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From: <stray+security-basics () itys net>
Date: Mon, 30 Dec 2002 11:33:16 -0500 (EST)

Alebit delayed:


APPENDIX A: Sample Network Banner Language

         Network banners are electronic messages that provide notice of
legal rights to users of computer networks.  From a legal standpoint,
banners have four primary functions.  First, banners may be used to generate
consent to real-time monitoring under Title III.  Second, banners may be
used to generate consent to the retrieval of stored files and records
pursuant to ECPA.  Third, in the case of government networks, banners may
eliminate any Fourth Amendment "reasonable expectation of privacy" that
government employees or other users might otherwise retain in their use of
the government's network under O'Connor v. Ortega, 480 U.S. 709 (1987).
Fourth, in the case of a non-government network, banners may establish a
system administrator's "common authority" to consent to a law enforcement
search pursuant to United States v. Matlock, 415 U.S. 164 (1974).

         CCIPS does not take any position on whether providers of network
services should use network banners, and, if so, what types of banners they
should use.  Further, there is no formal "magic language" that is necessary.
However, it is important to realize that banners may be worded narrowly or
broadly, and the scope of consent and waiver triggered by a particular
banner will in general depend on the scope of its language. Here is a
checklist of issues that may be considered when drafting a banner:

    * a) Does the banner state that use of the network constitutes consent
to monitoring? Such a statement helps establish the user's consent to
real-time interception pursuant to 18 U.S.C.  2511(2)(c)(monitoring by law
enforcement agency) or  2511(2)(d)(provider monitoring).
    * b) Does the banner state that use of the network constitutes consent
to the retrieval and disclosure of information stored on the network? Such a
statement helps establish the user's consent to the retrieval and disclosure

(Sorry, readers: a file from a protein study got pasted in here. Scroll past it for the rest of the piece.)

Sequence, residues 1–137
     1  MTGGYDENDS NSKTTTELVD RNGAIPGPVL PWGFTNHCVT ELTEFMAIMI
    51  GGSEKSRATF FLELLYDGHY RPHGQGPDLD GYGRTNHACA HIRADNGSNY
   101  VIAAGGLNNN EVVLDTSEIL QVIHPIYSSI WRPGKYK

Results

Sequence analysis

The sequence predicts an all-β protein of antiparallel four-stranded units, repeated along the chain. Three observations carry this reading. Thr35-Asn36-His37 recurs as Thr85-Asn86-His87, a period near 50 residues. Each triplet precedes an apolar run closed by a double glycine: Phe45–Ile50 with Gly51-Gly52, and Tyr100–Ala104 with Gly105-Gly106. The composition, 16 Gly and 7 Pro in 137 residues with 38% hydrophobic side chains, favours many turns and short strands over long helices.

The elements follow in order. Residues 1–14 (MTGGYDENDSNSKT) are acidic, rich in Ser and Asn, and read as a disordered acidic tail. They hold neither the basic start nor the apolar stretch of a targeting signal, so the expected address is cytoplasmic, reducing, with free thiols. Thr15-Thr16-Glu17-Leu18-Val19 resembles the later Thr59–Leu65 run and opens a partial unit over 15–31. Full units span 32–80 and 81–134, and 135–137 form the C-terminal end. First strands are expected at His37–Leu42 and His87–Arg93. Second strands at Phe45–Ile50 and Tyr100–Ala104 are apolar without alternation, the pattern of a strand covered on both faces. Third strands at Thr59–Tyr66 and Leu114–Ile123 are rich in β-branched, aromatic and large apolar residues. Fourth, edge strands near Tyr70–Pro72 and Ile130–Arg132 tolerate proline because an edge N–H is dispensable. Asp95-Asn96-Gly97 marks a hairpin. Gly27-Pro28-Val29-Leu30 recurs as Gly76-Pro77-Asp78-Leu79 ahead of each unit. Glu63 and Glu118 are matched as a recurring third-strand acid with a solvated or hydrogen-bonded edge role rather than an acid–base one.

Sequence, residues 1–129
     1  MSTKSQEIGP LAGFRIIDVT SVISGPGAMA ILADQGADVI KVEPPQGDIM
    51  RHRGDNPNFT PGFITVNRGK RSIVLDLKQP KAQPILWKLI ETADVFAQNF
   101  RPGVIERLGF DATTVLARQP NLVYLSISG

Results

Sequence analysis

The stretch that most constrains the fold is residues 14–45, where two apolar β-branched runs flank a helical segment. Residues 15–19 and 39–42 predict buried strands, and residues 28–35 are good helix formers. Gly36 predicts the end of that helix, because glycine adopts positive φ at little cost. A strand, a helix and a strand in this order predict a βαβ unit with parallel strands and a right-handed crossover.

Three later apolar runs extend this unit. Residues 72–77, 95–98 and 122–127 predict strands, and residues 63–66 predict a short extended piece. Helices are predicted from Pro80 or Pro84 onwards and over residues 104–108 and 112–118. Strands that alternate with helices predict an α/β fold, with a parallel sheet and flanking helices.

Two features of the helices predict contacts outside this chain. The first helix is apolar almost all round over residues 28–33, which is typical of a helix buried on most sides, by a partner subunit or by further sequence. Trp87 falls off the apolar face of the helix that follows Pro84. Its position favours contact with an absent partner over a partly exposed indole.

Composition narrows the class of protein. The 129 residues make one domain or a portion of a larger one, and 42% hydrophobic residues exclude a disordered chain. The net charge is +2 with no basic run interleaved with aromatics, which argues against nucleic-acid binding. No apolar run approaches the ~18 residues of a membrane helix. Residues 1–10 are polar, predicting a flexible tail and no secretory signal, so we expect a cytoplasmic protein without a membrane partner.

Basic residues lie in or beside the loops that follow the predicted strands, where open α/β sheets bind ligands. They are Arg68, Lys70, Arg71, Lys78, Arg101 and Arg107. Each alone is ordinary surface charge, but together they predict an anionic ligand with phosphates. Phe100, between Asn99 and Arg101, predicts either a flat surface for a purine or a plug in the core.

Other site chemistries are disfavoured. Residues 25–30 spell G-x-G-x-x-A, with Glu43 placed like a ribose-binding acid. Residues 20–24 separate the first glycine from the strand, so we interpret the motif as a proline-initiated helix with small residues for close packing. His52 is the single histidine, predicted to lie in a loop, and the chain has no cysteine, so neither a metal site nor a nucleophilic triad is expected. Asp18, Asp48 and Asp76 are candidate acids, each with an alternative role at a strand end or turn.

of such information and/or records pursuant to 18 U.S.C.  2702(b)(3),
2702(c)(2), and 2703(c)(1)(C).
    * c) In the case of a government network, does the banner state that a
user of the network shall have no reasonable expectation of privacy in the
network?  Such a statement helps establish that the user lacks a reasonable
expectation of privacy pursuant to O'Connor v. Ortega, 480 U.S. 709 (1987).
    * d) In the case of a non-government network, does the banner make clear
that the network system administrator(s) may consent to a law enforcement
search?  Such a statement helps establish the system administrator's common
authority to consent to a search under United States v. Matlock, 415 U.S.
164 (1974).
    * e) Does the banner contain express or implied limitations or
authorizations relating to the purpose of any monitoring, who may conduct
the monitoring, and what will be done with the fruits of any monitoring?
    * f) Does the banner state what users are authorized to access the
network, and the consequences of unauthorized use of the network? Such
notice makes it easier to establish knowledge of unauthorized use, and
therefore may aid prosecution under 18 U.S.C.  1030.
    * g) Does the banner require users to "click through" or otherwise
acknowledge the banner before using the network? Such a step may make it
easier to establish that the network user actually received the notice that
the banner is designed to provide.